Wednesday, July 12, 2006

Citable No. 35: TTAB Issues Rare Concurrent Use Ruling Re "THE COPY CLUB"

It may not be as shocking as the Zinedine Zidane head butt in the World Cup final, but it is quite a surprise to find the TTAB issuing a ruling in a current use proceeding -- and a citable ruling at that! In CDS, Inc. v. I.C.E.D. Management, Inc., 80 USPQ2d 1572 (TTAB 2006), the Board held that Applicant CDS is entitled to a concurrent use registration for the mark THE COPY CLUB for various document copying, publishing, and management services "for the State of Kansas and that portion of the state of Missouri located within 50 miles of Lenexa, Kansas." In turn, I.C.E.D.'s registration for the mark COPY CLUB for similar and overlapping services was "restricted" to the entire United States except for the area of CDS's registration.

CDS claimed first use dates of April 29, 1993, and sought registration for seven states: Utah, New Jersey, New York, Connecticut, Pennsylvania, Kansas, and Missouri. I.C.E.D. was named as the excepted user in CDS's application. I.C.E.D.'s registration issued on an application filed on July 18, 1994. CDS filed an opposition to that application in 1996, and in 1997 CDS filed its own application, which it promptly amended to a concurrent use application.

In 1998, the Board granted I.C.E.D.'s motion for summary judgment (presumably based on its prior use) and dismissed the opposition. I.C.E.D.'s registration issued in 2001 and in 2002 this concurrent use proceeding was instituted. It was CDS's burden "to prove its rights as a lawful concurrent user and that concurrent use of the parties' marks is not likely to cause confusion."

I.C.E.D.'s filing date of July 18, 1994 "is key because ... that date establishes 'jurisdiction' for applicant to obtain a concurrent use registration, i.e., CDS must show that it began using its mark prior to the filing date of ICED's application."

In his trademark fashion, Judge Hohein set out the factual record and the arguments of the parties in some detail. The Board found that I.C.E.D. was the first user "because it began using its COPY CLUB mark for document preparation and handling services in 1992." CDS was formed in February 1993 and began using its mark one month later. A seven-state review of the evidence (with much quoted testimony) led the Board to conclude that CDS began using its mark in the Kansas City area in 1993, prior to I.C.E.D.'s filing date. I.C.E.D., on the other hand, "has not used its COPY CLUB mark in any of the seven states" that CDS sought. Therefore CDS met the "jurisdictional requirement" or "condition precedent" of its lawful use in commerce outside of I.C.E.D.'s trading area.

The Board noted that there had been some overlap between the parties (in Texas and California), but that CDS stopped its usage in those two states once it learned that I.C.E.D. had prevailed on summary judgment in the opposition. This previous but terminated use "does not preclude a determination that there is no likelihood of confusion" (even though the termination of use occurred after the filing date of I.C.E.D's application).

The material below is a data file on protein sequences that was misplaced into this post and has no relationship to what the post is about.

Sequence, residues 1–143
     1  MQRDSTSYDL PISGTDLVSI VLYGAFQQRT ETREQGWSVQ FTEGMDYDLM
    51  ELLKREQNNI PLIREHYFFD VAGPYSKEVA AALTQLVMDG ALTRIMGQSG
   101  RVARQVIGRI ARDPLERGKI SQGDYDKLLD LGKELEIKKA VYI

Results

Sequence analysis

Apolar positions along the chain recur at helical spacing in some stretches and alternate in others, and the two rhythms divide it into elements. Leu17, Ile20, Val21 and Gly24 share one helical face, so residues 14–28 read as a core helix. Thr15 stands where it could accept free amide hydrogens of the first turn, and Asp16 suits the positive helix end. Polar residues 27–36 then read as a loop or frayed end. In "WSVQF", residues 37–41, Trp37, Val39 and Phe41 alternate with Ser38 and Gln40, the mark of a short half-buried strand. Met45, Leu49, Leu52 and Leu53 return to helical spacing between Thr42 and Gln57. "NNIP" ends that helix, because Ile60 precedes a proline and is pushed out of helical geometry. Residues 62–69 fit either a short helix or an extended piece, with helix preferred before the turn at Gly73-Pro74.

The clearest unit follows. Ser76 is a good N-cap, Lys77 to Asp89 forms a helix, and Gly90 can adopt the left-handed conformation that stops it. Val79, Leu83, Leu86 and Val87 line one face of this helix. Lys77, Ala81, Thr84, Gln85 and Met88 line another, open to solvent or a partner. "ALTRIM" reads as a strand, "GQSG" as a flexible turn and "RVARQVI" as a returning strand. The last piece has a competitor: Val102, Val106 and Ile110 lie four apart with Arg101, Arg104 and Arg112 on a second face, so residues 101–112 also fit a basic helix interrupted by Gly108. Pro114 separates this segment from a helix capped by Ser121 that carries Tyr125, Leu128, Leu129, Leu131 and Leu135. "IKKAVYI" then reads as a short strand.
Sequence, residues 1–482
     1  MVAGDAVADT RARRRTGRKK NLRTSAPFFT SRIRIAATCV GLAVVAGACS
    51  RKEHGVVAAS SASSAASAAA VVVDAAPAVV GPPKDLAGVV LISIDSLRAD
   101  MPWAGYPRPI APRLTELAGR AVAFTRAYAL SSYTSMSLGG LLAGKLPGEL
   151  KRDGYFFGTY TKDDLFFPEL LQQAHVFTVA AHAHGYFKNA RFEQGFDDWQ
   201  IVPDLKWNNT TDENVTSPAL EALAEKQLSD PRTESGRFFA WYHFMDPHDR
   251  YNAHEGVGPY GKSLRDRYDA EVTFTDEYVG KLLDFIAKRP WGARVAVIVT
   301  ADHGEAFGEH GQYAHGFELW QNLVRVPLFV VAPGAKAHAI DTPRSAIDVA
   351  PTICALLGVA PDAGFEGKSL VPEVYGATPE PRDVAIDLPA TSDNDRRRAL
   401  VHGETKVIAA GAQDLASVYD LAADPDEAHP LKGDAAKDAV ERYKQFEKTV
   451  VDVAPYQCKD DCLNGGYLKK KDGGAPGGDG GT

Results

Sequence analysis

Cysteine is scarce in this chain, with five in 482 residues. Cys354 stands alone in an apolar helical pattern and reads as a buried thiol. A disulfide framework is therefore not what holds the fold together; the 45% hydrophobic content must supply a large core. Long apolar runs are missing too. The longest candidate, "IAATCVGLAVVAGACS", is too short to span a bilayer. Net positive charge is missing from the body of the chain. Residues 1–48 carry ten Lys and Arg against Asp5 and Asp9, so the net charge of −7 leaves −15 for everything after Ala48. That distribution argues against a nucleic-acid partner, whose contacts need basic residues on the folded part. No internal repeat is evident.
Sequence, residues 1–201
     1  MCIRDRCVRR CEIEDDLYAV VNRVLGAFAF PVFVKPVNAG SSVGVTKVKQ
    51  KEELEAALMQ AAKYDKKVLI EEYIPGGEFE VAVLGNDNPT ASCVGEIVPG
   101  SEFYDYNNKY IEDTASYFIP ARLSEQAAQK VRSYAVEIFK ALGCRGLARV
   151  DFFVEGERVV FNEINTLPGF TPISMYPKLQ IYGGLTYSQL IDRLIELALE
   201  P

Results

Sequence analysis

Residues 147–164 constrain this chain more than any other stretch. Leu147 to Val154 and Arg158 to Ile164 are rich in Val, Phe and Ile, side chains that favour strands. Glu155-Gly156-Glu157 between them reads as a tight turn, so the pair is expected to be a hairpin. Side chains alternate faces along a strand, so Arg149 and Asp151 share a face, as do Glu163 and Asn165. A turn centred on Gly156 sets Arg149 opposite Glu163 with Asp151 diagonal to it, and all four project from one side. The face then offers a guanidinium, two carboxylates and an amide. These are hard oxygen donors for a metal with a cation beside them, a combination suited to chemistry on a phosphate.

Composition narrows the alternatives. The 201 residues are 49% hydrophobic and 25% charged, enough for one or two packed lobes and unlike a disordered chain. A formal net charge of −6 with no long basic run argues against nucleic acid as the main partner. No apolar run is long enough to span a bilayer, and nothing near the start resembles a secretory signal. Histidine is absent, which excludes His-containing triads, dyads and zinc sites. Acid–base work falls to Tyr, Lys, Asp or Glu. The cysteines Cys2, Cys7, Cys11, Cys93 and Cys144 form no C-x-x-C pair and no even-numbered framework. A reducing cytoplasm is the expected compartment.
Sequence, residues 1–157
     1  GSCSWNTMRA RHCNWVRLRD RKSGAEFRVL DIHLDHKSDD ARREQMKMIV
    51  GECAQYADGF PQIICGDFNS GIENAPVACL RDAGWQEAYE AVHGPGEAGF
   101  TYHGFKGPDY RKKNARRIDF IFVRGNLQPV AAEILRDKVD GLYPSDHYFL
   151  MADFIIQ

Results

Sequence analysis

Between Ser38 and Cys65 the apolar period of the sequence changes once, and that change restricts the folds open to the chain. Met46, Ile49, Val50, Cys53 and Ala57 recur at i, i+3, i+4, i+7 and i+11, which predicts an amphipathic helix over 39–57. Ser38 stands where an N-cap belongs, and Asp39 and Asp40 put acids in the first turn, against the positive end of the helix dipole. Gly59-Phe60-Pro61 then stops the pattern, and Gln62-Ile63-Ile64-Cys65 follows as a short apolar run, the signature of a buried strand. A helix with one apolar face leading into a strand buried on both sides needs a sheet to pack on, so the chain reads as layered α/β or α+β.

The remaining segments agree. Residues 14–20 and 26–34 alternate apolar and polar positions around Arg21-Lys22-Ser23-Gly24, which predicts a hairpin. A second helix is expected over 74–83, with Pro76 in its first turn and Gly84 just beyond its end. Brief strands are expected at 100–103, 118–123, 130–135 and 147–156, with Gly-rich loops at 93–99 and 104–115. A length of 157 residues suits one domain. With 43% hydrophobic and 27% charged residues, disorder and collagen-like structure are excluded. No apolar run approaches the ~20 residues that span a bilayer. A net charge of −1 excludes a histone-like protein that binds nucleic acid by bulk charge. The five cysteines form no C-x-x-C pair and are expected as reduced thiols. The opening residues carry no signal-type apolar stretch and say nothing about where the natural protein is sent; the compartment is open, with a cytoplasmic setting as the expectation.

Next, the Board set out to determine the territory appropriate for each party, noting that the senior user is entitled to a nationwide registration, including areas of its use and non-use, subject only to the excepted areas where the junior user can prove prior use. "The junior user is, in effect, frozen in its area of prior use." However, the Board noted, junior's area of "prior use" includes not only areas of actual use:

"The CCPA has held that: 'actual use in a territory was not necessary to establish rights in that territory, and that the inquiry should focus on the party's (1) previous business activity; (2) previous expansion or lack thereof; (3) dominance of contiguous areas; (4) presently-planned expansion; and, where applicable (5) possible market penetration by means of products brought in from other areas.' Weiner King, Inc. v. The Weiner King Corp., 204 USPQ 820, 830 (CCPA 1980)."

The Board found that CDS's use in Utah, New Jersey, New York, Connecticut, and Pennsylvania was "de minimis and nebulous," amounting mostly to discussions rather than rendering of services. The evidence of CDS's activities in those states was simply too indefinite to establish priority.

However, CDS did show use of its mark in Kansas, and under the Weiner King analysis it was entitled to the entire state. The testimony that a large percentage of CDS's business in Kansas City comes from Missouri led the Board to award CDS the portion of Missouri that lies within 50 miles of Lenexa, Kansas.

The Board then turned to the issue of whether there would still be a likelihood of confusion despite the geographical restrictions imposed. I.C.E.D. argued that there would still be confusion because both parties advertise on the Internet, but the Board flatly rejected that argument: "We do not believe that the creation of the Internet has rendered the concurrent use provision of the Trademark Act moot." "[T]he presence of advertising on the Internet does not automatically preclude concurrent use registration." Noting that CDS includes a disclaimer on its website stating that it does business under its mark only in the seven identified states, the Board ruled that the specific record evidence "does not require us to find that there is a likelihood of confusion."

For the foregoing reasons, the Board ruled that CDS is entitled to a concurrent use registration restricted to Kansas and a neighboring portion of Missouri.

TTABlog comment: As to the effect of the Internet on concurrent use proceedings, the Board answered the question raised last year in the HUBCAP HEAVEN case, TTABlogged here.

Text Copyright John L. Welch 2006.


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